In the recent TV series Belgravia, lead character James Trenchard reverently tells William Cubitt at the exclusive Athenæum Club: “you are great and public figures.” He is referring to both William and his brother Thomas, and, in real life, the Cubitts were indeed the toast of London society by the early 1840s, when the scene is set. Yet how did these master builders and proto-developers become so successful, and what is their legacy in Belgravia today?
Central to the Cubitts’ success was their scope of vision. The transformation of the Marquess of Westminster’s land to the west of Buckingham Palace during the 1820s and 1830s can be likened to Sir Christopher Wren’s proposed development around St Paul’s Cathedral in the 17th century, or even Baron Haussmann’s designs for Paris later in the 19th century. The scale of the transformation would have seemed otherworldly. Belgrave Square alone extended to ten acres. The design details were remarkably complete, down to new roads, granite curbs and pavements; iron lampposts, verdant public gardens, sanitation and other amenities set to enhance the well-being of fortunate future occupants.
In her authoritative book Thomas Cubitt: Master Builder, Hermione Hobhouse depicts Belgravia as a developer’s dream: “The founding of an elegant successful suburb whose inhabitants included some of the most powerful aristocrats and the richest commoners in England was the ultimate ambition of every substantial nineteenth-century builder and every great landlord in London.” The humble origins of the Cubitt brothers made the development all the more remarkable. Born of a Norfolk carpenter, Thomas progressed rapidly from jobbing carpenter to merchant builder, finding early success in the redevelopment of Bloomsbury, while William advanced from apprentice cabinet maker to civil engineer.
Several attributes stood the Cubitts in good stead. One was their alertness to new technologies. In London’s docklands, William would create Cubitt Town, with its specialisations in pottery, brick, and cement production – as he fictionally discusses with James Trenchard at the Athenæum club. Earth removed from the docklands filled in the marshy land that became Belgravia. The engineering of sewer and lightning systems was particularly attractive to house purchasers, who were quick to complain if they didn’t feel they fully benefitted from such innovations. A proposed reduction in the number of lamps along the north side of Eaton Square in 1836 prompted banker H.R. Hoare, occupant of no. 100, to decry this “encouragement to Vice Theft and various other Nuisances.”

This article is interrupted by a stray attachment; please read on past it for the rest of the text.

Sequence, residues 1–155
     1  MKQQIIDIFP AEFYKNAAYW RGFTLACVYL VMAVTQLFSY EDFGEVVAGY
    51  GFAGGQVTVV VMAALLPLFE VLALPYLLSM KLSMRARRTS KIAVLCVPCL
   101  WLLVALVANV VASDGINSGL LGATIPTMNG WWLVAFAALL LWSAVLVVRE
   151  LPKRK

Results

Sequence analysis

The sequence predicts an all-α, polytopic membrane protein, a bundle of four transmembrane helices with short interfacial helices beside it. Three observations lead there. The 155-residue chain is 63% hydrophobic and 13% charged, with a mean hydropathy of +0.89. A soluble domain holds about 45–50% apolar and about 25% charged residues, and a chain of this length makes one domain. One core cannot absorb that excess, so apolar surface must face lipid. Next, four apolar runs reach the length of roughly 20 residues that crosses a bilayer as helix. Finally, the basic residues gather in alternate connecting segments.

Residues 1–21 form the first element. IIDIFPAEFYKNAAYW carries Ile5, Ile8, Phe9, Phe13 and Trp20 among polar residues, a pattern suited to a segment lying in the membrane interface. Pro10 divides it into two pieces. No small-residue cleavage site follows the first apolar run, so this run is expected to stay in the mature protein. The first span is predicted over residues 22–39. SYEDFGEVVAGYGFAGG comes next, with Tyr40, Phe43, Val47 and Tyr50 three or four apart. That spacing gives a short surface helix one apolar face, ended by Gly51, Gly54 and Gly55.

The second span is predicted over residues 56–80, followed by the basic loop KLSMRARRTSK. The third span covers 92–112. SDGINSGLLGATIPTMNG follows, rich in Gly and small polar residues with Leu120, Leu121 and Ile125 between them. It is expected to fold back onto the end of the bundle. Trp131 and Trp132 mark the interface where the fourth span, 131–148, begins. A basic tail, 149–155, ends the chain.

Control was key to the project’s longer-term success. While elements of the design were inherited or outsourced (the Grosvenor Office created the layout of Belgravia and Sir John Soane’s pupil George Basevi was architect of Belgrave Square), Thomas Cubitt imposed a consistency of style and a standard of building work across the development that proved decisive. And while the development accommodated artisans, shops, pubs and key-worker housing, other activities were explicitly prohibited – for example butchers, tripe burners, distillers and brothel keepers. The success of this curated mix of local services is reflected by the longevity of various businesses established back then. The Horse and Groom pub in Groom Place remains popular today.
Thomas Cubitt pioneered an approach to development whereby the builder assumed direct responsibility for all the various trades. Typically, a client would engage bricklayers, plasterers and myriad other tradesmen – or, would engage a builder who would in turn subcontract. Whereas Cubitt recruited an army of specialists to build Belgravia, ensuring that each played his part on time, and, crucially, to a suitable standard (by no means a given with speculative housing, then as now).
The pivotal attribute was flexibility. The business stakes were enormous. In 1825, Cubitt ‘laid off’ financial responsibility for the initial Belgrave Square build-out to a syndicate of well-connected backers that included a director of the Bank of England. Cubitt moved his office continuously as the development progressed, and he moved fluidly between roles, for example acting as an estate agent when opportune. An imposing detached villa at the south-east corner of Belgrave Square serves as Brockenhurst House in Belgravia; in real life, Cubitt arranged for its sale to Lord Sefton, turning it into Sefton (later Seaford) House.
Strolling around Belgravia today, the overt references to Thomas Cubitt are sparing, subtle – a namesake gastropub in Elizabeth Street; a blue plaque at 3 Lyall Street. Yet all around is evidence of his glorious activity. The townscape he helped bring into being remains in tact for all to see. And his path to becoming a millionaire did not involve treading upon the poor. Summarised Queen Victoria, no less, “A better, kinder man did not exist.”